The developers of Spacewar! also added a dangerous “hyperspace” feature, which allowed novice players to teleport out of a tight spot at the risk of spontaneous destruction or an unfortunate random respawn. Elite players turned their noses up at the hyperspace option—“It was something you could use,” Martin Graetz remembers, “but you didn’t really want to.” But the hyperspace button made the game accessible, and allowed even more curious students to fall under the game’s sway.

Steve Russell, who originated the Spacewar! concept, tinkers with a PDP-1 preserved for posterity at the Computer History Museum in Mountain View, California. (Joi Ito, Wikimedia Commons)

So universally appealing was Spacewar! that, following the game’s completion in the spring of 1962, those who had worked on it saw fit to present their open-source code to DEC—the makers of the PDP-1—at a company conference. Those who saw the game demoed were beyond impressed, and Spacewar! quickly became a beloved preload on all PDP-1 machines installed thereafter.

Spacewar! was happily demonstrated as something understandable on a computer which was viewed as magic and incomprehensible,” Russell says. And though only 53 PDP-1’s were ever released, the cultural impact of Spacewar! reverberated across the country. Students at universities far and wide adapted the open-source code to run it on whatever machines they were using. Spacewar! proved that video games made with heart could be addicting entertainment, and gave rise to the arcade culture of the decades to follow. Spacewar! itself has aged remarkably well, and to this day enjoys a cult following on Steam and other platforms.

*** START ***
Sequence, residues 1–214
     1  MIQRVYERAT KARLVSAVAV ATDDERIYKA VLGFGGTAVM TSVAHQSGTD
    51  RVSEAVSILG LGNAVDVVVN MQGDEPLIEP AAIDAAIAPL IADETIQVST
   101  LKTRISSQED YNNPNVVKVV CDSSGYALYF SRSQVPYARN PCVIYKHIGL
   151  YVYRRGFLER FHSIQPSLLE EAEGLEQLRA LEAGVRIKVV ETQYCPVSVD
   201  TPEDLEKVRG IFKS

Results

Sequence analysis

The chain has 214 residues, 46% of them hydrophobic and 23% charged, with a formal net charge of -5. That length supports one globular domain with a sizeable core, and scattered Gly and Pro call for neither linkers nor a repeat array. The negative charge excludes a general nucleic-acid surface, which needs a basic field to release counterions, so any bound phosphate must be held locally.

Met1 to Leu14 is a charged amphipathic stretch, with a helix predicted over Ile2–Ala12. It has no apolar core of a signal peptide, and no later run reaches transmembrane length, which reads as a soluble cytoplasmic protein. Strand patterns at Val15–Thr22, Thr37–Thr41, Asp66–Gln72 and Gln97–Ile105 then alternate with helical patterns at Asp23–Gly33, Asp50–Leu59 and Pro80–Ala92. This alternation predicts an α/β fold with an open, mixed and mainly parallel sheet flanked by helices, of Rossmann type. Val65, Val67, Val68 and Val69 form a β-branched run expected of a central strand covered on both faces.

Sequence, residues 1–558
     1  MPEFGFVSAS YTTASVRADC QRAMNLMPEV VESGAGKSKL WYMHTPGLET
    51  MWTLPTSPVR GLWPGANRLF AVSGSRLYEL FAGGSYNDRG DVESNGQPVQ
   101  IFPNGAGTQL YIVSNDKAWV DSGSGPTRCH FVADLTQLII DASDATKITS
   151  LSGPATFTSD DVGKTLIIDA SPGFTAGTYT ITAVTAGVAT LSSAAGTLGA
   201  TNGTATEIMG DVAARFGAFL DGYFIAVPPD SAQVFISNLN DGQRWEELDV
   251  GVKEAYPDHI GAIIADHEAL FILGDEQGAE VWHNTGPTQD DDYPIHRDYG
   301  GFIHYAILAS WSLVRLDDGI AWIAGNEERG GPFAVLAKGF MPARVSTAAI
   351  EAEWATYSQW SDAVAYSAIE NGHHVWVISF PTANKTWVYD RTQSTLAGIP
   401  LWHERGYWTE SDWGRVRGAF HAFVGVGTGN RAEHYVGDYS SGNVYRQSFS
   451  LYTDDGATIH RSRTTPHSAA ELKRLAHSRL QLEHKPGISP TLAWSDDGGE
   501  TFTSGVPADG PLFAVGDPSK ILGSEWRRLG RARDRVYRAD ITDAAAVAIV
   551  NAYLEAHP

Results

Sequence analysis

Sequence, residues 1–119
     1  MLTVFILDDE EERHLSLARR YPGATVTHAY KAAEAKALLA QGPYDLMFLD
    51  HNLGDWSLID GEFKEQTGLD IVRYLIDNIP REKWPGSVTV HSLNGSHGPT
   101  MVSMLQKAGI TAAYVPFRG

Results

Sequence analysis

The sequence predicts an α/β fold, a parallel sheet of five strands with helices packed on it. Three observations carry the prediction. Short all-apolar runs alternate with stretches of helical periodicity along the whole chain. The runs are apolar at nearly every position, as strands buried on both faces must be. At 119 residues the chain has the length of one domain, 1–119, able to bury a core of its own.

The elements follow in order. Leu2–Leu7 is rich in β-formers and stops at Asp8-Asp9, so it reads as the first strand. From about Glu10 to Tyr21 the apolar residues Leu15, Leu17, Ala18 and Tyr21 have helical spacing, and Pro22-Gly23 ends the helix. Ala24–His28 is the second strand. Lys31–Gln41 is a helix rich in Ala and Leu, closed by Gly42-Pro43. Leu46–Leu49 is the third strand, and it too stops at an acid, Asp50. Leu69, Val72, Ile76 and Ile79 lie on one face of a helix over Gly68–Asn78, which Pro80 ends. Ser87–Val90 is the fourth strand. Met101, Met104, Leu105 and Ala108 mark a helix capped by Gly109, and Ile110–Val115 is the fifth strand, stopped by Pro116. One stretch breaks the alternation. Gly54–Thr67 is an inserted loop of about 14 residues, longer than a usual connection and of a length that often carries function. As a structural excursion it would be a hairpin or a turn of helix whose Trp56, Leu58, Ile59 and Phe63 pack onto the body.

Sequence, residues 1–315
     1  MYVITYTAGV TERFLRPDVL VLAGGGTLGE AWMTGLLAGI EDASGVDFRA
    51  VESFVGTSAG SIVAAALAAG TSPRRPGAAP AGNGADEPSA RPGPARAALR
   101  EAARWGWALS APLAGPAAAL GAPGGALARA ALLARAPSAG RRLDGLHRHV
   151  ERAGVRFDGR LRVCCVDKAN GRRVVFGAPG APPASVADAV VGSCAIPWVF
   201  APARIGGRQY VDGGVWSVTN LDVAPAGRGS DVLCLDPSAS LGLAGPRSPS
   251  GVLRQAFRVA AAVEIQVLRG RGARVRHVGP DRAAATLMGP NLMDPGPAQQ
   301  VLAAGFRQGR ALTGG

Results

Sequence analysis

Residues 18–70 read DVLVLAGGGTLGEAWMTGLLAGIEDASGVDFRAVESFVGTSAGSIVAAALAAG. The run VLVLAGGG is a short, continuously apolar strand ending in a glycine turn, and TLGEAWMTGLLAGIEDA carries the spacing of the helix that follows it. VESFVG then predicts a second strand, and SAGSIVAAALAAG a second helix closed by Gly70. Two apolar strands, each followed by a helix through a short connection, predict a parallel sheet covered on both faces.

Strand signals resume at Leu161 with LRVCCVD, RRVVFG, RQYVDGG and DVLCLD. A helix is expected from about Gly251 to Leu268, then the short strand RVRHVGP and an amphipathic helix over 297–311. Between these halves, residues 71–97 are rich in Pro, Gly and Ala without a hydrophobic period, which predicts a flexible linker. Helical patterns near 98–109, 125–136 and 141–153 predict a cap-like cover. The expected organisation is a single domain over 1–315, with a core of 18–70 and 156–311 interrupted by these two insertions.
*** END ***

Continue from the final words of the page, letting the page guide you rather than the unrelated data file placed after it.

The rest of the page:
At the conclusion of the panel discussion on Spacewar!, each of the game’s seven living coauthors received an Academy of Interactive Arts and Sciences Pioneer Award—an honor “reserved for individuals whose work has helped shape and define the interactive entertainment industry through the creation of a technological approach or the introduction of a new genre.”

The Smithsonian's Lemelson Center for the Study of Invention and Innovation has launched an initiative to preserve the legacy of video game pioneers.

About Ryan P. Smith
Ryan P. Smith

Ryan graduated from Stanford University with a degree in Science, Technology & Society and now writes for both Smithsonian Magazine and the World Bank's Connect4Climate division. He is also a published crossword constructor and a voracious consumer of movies and video games.